Remembering Payday

Wanting to remember to run the payroll for my company, I was amazed to discover that Google Calendar does not offer any way to create a recurring calendar entry for the last day of each month. As it turns out, this is one of the examples actually quoted in the iCalendar standard — RFC2445 (on page 43) — so it’s very surprising Google has not implemented a way to manage such entries.

Fortunately Google Calendar does actually support recurring entries for the last day of a month, so it’s possible to hand-craft an .ICS file that can then be imported into Google Calendar. Baptiste Gazul’s helpful blog post started me in the right direction and I was able to craft some entries for my needs with help from the RFC. I saved the quoted text below into a plain-text file with a .ICS suffix and then used Google Calendar’s Import Calendar function to add the entry.

To have a calendar entry for Payday on the last weekday of every month, try:

BEGIN:VCALENDAR
BEGIN:VEVENT
DTSTART:20150331
RRULE:FREQ=MONTHLY;BYDAY=MO,TU,WE,TH,FR;BYSETPOS=-1;WKST=MO
SUMMARY:Payday
DESCRIPTION:Last weekday of each month
END:VEVENT
END:VCALENDAR

Change DTSTART to specify the date of the first payday.

I actually have to run payroll on the Friday before the last weekday of the month; this seems to work:

BEGIN:VCALENDAR
BEGIN:VEVENT
DTSTART:20150417
RRULE:FREQ=MONTHLY;BYDAY=FR;BYSETPOS=-1;WKST=MO
SUMMARY:Run payroll
DESCRIPTION:Friday before last weekday of each month
END:VEVENT
END:VCALENDAR

Blocking The Fields

Dry stone walls in the Yorkshire Dales

There are people walking over the beautiful spring meadows. Most are just enjoying the beauty of it all, but some are going visiting to each other’s houses. Of those, you discover one or two of them doing things you and your supporters don’t like when they arrive, so you want to stop them.

You issue an instruction to block the fields. Your objective is just, so it must be possible, right? Your bureaucrats get to work on your demand.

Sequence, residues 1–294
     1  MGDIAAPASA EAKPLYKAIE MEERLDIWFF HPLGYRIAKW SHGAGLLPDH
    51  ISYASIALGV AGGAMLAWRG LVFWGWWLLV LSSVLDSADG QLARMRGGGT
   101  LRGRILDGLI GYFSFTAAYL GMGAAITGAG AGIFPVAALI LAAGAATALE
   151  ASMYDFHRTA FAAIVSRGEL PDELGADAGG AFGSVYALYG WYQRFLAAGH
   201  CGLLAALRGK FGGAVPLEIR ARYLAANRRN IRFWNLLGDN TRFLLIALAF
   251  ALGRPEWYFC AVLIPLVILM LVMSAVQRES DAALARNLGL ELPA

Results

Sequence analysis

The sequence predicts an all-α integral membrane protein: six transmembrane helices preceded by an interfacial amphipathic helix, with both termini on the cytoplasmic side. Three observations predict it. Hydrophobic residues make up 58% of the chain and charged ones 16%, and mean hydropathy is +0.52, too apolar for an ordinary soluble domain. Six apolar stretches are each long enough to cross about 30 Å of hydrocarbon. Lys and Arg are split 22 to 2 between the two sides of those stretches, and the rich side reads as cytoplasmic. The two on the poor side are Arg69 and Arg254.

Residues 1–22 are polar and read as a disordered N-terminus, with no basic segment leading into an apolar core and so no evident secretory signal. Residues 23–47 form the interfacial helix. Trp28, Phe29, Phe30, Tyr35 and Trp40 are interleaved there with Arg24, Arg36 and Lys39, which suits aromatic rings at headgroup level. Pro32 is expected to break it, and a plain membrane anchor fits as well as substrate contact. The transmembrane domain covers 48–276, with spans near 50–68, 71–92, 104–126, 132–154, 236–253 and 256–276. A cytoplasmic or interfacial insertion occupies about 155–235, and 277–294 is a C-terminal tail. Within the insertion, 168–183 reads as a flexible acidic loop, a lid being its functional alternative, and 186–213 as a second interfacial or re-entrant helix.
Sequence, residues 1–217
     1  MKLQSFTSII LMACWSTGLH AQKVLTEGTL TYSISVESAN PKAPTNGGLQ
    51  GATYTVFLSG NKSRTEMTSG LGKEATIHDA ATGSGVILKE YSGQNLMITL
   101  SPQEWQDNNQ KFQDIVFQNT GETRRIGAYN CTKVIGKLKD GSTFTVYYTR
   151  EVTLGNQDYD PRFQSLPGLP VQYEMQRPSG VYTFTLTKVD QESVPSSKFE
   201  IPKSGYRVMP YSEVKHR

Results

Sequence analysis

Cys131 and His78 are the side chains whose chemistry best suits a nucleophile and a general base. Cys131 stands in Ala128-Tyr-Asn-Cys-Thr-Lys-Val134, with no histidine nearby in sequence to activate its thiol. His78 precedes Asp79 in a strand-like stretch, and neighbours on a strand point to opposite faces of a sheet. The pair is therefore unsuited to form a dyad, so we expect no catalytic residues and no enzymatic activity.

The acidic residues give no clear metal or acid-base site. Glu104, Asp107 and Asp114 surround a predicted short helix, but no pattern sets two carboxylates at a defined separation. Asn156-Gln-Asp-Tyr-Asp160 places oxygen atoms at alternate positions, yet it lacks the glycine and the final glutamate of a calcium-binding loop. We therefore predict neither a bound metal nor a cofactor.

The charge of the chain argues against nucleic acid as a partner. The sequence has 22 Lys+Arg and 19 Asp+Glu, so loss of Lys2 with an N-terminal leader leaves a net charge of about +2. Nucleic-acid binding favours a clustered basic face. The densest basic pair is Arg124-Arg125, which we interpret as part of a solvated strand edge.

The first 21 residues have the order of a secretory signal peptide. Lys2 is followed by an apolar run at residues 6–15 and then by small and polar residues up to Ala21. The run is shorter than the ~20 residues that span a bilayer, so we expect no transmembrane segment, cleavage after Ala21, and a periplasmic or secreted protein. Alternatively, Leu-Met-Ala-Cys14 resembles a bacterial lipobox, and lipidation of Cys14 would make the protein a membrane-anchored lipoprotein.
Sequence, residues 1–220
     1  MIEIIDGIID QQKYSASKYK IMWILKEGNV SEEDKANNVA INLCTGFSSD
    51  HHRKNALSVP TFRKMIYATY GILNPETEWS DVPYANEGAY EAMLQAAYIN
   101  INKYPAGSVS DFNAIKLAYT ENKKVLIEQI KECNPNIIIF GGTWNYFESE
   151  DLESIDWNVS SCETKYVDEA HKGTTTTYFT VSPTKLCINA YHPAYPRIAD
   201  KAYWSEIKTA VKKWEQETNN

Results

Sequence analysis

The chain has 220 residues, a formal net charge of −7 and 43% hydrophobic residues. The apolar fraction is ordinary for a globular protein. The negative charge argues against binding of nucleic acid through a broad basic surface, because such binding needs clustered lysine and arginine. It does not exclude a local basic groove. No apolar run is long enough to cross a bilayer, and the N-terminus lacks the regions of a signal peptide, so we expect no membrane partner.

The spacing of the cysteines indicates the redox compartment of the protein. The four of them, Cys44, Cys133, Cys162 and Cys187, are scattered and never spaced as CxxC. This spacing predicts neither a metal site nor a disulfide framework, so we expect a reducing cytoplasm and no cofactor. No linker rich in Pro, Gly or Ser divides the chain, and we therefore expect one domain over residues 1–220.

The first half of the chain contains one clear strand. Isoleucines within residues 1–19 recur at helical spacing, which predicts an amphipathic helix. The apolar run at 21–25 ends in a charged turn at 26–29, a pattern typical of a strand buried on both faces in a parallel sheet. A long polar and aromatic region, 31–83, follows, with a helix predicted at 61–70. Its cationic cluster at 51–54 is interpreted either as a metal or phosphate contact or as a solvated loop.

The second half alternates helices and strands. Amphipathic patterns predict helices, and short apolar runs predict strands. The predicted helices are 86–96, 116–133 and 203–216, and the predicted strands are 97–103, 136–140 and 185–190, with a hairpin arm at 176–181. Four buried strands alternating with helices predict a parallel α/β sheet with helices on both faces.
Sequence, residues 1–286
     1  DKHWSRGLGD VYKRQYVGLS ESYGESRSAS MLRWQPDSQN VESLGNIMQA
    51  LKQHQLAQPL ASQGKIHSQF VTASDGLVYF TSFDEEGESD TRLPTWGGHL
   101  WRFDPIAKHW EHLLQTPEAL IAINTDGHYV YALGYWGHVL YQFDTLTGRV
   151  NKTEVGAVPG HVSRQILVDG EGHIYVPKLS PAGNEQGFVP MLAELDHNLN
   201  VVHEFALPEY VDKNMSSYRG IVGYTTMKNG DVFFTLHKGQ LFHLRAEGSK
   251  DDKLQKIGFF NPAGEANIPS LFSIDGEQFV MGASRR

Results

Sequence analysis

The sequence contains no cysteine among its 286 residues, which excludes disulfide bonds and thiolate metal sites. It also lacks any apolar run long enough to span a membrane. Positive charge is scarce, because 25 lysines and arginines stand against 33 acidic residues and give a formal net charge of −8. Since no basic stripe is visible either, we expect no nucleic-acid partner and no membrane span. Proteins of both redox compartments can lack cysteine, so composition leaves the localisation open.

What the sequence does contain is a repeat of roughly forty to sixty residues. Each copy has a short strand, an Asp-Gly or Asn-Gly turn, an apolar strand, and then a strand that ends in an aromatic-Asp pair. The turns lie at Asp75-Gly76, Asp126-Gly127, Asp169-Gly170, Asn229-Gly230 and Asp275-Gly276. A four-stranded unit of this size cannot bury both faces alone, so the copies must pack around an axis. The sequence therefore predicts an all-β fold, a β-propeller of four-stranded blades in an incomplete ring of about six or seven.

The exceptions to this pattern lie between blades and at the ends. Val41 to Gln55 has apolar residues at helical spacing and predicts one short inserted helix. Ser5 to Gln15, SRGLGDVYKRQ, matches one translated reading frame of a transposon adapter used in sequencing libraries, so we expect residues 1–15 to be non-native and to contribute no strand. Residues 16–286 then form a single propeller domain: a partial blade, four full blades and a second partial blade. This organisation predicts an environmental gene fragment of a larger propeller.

They can’t block an open field, so they build a road and block that.

But people go round the roadblock, so they build a fence along the sides of the road too.

But people go round the fence, so they add a fence all around the field.

But people go round the field, so they mandate fences across the whole country. That bad thing you want to stop justifies all the expense and inconvenience, doesn’t it? Building the fences takes several years, but the whole country is now covered in obstacles of various kinds.

But there are now so many miles of fences that they are mostly out of sight of your staff. People just jump over them, so you tell the police start to arrest people who do. That bad thing is so bad you have to act tough, even though most of those people they are arresting are just trying to work round the inconvenience you have caused them for innocuous reasons.

But there aren’t enough police to patrol every fence, so you hire more and more.

But they still can’t arrest everyone, so they recruit informers.

You can’t rely on the informers, so you get them to spy on each other as well.

Turns out you can’t rely on spies, so you add security cameras as well.

You now need an army of spies, analysts and police to watch the security cameras, check on the spies and watch for people jumping fences. This is not about the bad thing you first objected to any more. It’s now about respecting the law for the sake of the law. So your people are arresting everyone regardless of their motives, checking on spies for telling lies, dealing with corruption among your informers, suppressing all the “SJW”s who whine about the loss of freedom and undermining your political opposition who are equally clueless about blocking fields but can see that what you are doing is hugely unpopular.

Congratulations! Your attempt to stop something your supporters disapprove of by mandating the impossible has created a police state. It doesn’t matter how bad the thing you were trying to stop is; people probably agree that it’s a bad thing.

By mandating the impossible, you caused collateral damage that outweighed any benefits, and by associating it with a thing no-one dares defend in public you were able to accidentally destroy society without opposition. And you didn’t notice because you never go for walks in the fields.

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